The physical aspect of yoga is the third step on the path to freedom, and if we’re being honest, the word asana doesn’t refer to the ability to perform a hand stand or an aesthetically impressive backbend, it means ‘seat’—specifically the seat you would take for the practice of meditation. The only alignment instruction Patanjali gives for Asana is “sthira sukham asanam”, the posture should be steady (sthira) and comfortable (sukha). Both qualities should be present to the same degree when practicing a posture. Without both of these qualities, there is no asana.
More important than the outer manifestations (e.g., how many asanas we have mastered or how many minutes we can stay in a headstand) is the way we feel the postures and the breath.
A yoga posture is mastered only when we have practiced a particular asana for a certain period of time and feel alert and unstressed as we practice it.
The idea is to be able to sit comfortably so we’re not ‘pulled’ by aches and pains of the body, or restlessness due to an uncomfortable position. Perhaps this is something to consider in your next yoga class if you always tend to choose the ‘advanced’ posture offered, rather than the one your body is able to attain: “In how many poses are we really comfortable and steady?”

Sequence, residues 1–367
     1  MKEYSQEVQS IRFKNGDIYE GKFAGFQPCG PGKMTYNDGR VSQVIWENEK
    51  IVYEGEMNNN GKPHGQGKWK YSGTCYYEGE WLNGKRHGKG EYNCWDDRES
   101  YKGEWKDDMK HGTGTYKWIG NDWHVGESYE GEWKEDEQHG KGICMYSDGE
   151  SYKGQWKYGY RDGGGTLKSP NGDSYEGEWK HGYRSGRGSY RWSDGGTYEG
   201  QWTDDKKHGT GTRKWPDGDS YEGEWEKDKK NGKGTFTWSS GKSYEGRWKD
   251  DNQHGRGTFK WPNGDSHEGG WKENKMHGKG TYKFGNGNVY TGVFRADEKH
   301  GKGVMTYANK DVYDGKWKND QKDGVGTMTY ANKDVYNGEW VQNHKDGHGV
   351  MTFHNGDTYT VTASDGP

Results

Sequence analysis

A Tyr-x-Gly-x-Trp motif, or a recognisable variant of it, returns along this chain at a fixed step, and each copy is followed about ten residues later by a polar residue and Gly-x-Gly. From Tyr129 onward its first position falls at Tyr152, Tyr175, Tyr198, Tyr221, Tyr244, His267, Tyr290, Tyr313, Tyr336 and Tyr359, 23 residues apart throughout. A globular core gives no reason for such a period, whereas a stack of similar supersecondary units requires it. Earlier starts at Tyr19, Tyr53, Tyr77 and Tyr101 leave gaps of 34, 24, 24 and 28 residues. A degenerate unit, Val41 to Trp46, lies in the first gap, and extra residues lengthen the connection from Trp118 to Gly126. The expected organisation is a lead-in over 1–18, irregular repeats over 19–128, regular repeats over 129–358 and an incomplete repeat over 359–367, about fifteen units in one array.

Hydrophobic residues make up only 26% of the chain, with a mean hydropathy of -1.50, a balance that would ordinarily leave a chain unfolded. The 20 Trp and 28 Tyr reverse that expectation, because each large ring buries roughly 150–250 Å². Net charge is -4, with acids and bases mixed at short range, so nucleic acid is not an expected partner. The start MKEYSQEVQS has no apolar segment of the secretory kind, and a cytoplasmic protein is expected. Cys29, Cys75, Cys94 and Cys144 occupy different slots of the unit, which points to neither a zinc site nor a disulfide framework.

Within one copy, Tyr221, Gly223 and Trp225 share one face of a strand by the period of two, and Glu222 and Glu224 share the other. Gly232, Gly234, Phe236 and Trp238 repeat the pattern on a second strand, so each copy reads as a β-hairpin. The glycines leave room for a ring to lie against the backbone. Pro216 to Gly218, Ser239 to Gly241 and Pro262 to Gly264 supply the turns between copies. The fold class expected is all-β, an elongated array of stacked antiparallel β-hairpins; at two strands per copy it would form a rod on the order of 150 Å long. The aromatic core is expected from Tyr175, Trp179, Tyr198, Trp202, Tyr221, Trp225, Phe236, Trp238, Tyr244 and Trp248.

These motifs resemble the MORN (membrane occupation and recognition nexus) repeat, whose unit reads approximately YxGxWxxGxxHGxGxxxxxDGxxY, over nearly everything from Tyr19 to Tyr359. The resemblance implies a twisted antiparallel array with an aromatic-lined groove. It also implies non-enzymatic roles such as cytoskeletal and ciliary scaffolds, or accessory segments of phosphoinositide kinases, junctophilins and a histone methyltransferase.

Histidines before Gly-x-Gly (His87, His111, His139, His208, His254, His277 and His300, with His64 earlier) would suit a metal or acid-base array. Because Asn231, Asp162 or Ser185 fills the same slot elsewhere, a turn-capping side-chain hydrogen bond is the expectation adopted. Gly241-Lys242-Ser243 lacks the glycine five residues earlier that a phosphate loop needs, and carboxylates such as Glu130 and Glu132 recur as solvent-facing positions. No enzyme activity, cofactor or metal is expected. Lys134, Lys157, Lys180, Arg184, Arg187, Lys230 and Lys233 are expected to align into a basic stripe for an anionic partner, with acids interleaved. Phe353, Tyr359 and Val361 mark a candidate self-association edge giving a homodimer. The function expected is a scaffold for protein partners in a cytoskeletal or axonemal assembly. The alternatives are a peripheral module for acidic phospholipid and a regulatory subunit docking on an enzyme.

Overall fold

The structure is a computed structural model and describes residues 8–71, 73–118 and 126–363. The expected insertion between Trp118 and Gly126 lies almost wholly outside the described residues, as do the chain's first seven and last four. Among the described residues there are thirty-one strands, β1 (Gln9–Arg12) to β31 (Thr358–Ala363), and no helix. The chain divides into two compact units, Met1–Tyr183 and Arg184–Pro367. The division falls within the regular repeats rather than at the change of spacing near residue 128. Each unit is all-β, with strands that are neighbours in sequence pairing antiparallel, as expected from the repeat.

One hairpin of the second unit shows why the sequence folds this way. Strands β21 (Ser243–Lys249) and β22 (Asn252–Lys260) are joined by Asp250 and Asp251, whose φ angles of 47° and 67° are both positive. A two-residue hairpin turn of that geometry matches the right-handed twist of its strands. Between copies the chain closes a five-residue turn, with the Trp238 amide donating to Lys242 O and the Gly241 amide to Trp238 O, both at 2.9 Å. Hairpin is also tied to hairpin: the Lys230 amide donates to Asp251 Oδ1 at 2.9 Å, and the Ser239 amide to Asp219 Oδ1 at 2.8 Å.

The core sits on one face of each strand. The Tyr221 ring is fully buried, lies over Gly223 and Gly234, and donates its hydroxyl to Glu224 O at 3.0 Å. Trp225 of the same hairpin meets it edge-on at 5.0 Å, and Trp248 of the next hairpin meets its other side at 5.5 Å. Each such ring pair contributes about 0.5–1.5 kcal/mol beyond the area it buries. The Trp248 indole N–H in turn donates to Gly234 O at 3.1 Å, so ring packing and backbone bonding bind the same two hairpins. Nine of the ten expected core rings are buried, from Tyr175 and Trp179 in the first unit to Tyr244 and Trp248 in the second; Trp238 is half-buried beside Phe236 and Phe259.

A yoga practice invites you to start where you are. If we have a stiff back we have to acknowledge this fact. If we have arthritis in our knees, then we need to make modifications when the teacher asks us to take a deep knee bend position. We will not look like the person next to us or our teachers. Our bodies are unique and it is important to listen to our body and our breath for cues.
Most people begin a yoga practice with the expectation of achieving certain results. You might want to wish to strengthen your back, improve your balance, free yourself from pain, or simply feel more energetic. These particular goals are achieved by practicing the asanas in a variety of ways. When we practice a variety of yoga poses, we are becoming more attentive to our body. If we practice the same over and over again for a long time, they can easily become automatic and the repetition can cause more harm than good.
The proper practice of asanas requires our mind to be fully focused. We can vary our asana practice by varying the form, breath, rhythm, sequence, and attention to different parts of the body. The key to a good asana practice is to maintain the link between breath and body and keep Patanjalie’s yoga sutra in mind, “sthira sukham asanam.”